Human Resources: Do You Really Need an ‘HR Lady?’
When you’re growing your eye care practice and building up your staff to handle more patients, it’s easy to overlook a critical role—a job so important to your practice’s solvency and profitability that without that position filled, you can pretty much scrap your plans for a successful expansion. The role? Human resources specialist.
It’s tempting to cut corners as you look at growth expenses and simply assume that any added human resources duties can be easily allocated to your practice manager or that the physician owners can manage the hiring and firing. After all, it’s not that complicated. Anyone can take this on with a little extra training, right? Wrong. Without a dedicated human resources specialist on your team, the risk you’re taking on is like driving blindfolded.
Pop Quiz! Test Your Human Resources Knowledge.
Try weighing in on these thorny HR scenarios posed by attorney Marcus Crider with Waller Lansden Dortch & Davis for attendees of the 2017 annual meeting of the Ambulatory Surgical Center Association. Then, review the answers to see how you did.
An intake specialist is instructed by his manager not to refer females to a particular clinician. The intake specialist doesn’t file a complaint but instead proceeds to refer female clients on an equal opportunity basis. Does the intake specialist’s refusal to obey the order constitute protected activity?
A: No, the intake specialist must at least voice his opposition.
B: Yes, the intake specialist’s noncompliance is protected opposition.
C: The intake specialist needs to file a complaint or grievance to comply with policy.
D: Yes. The intake specialist’s manager and that therapist are both jerks!
Your practice manager, Karen, believed that your facility was improperly denying certain requested reasonable accommodations under the ADA. After she reported this to supervisory management, they transferred her to a position with less responsibility and pay. Is this retaliation?
A: Maybe, but we need more facts.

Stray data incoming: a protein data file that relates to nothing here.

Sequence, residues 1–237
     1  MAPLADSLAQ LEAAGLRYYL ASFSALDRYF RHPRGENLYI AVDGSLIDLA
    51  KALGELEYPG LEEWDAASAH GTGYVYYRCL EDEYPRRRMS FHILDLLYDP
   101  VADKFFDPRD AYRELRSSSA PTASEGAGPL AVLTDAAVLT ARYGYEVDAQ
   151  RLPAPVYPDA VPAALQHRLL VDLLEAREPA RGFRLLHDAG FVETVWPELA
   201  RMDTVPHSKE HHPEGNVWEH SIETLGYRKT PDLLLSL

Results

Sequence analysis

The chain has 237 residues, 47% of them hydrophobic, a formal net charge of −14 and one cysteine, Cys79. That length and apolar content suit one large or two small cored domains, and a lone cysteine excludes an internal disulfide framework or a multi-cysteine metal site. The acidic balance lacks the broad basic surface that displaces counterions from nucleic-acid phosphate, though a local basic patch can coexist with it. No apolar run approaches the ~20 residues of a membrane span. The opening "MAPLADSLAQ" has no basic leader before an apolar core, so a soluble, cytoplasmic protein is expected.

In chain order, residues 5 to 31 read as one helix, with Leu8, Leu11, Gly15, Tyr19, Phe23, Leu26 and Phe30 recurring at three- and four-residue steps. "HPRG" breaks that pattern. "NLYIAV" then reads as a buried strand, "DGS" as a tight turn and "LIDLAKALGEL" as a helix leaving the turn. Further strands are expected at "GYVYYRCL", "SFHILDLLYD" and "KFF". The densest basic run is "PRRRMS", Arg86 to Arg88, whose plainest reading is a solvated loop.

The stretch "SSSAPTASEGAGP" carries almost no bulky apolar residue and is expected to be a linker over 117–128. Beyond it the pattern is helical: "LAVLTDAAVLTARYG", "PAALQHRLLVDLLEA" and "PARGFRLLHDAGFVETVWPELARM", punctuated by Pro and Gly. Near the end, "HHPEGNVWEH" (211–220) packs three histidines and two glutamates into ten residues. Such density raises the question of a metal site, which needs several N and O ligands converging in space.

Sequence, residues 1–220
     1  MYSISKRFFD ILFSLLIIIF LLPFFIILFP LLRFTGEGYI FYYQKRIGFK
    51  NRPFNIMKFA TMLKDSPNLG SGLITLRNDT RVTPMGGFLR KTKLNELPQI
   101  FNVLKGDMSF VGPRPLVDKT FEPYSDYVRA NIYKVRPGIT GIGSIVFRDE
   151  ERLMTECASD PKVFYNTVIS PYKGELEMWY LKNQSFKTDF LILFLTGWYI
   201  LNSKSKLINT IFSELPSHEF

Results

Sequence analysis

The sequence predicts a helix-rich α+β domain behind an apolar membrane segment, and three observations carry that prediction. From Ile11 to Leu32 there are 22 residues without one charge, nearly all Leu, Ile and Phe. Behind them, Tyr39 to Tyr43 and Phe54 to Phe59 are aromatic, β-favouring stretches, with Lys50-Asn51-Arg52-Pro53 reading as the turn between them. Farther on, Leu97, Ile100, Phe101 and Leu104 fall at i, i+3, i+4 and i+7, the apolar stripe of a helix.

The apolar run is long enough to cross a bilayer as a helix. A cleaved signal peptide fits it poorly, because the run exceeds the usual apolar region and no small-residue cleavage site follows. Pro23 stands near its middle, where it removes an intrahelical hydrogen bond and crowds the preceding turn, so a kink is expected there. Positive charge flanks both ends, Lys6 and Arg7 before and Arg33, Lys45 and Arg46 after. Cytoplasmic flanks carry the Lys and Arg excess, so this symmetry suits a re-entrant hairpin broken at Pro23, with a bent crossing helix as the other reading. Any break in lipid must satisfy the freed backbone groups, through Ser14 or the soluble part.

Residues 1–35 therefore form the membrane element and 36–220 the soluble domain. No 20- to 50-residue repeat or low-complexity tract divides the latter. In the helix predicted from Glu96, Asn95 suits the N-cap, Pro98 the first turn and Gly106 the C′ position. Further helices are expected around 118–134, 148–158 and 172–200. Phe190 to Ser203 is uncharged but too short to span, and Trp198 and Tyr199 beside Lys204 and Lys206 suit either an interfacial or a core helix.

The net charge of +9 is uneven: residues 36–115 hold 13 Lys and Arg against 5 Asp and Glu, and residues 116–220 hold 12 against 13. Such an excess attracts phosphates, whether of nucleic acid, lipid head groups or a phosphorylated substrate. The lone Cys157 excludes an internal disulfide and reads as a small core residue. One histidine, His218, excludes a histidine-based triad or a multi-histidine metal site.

B: No, as a manager, the law requires her to report this activity.
C: Yes, her reports of unlawful actions were protected.
D: All I can think about are those poor disabled employees #teamkaren.
In response to a supervisor’s repeated sexual comments, Leslie tells him, “Leave me alone and stop.” A coworker intervenes on her behalf, also asking the supervisor to stop. Is this protected activity?
A: Yes, for both employees.
B: Yes, for Leslie, no for the second employee.
C: No for both. They should have reported the supervisor’s behavior per the policy.
D: Who knows? Leslie was probably just playing hard to get.
Brandi, a tech, discussed with her coworkers that she believed she was being discriminated against because her pay was lower than male techs doing similar work. The practice code of conduct includes a gossip policy which prohibits discussing pay. Brandi is disciplined for violating the policy. Is this retaliation?
A: Not if she signed the policy.
C: No, there is a difference between disciplining her for violating the policy and retaliating against her.
D: Yes. Policies like that are illegal anyways.
Joe filed an EEOC charge alleging that he was racially harassed by his supervisor and coworkers who all deny they engaged in the conduct. There were no witnesses. Human resources assigned two employees to watch him and report back about his activities. Is this retaliation?
A: No, if HR is trying to help him by finding evidence of the harassment he reported.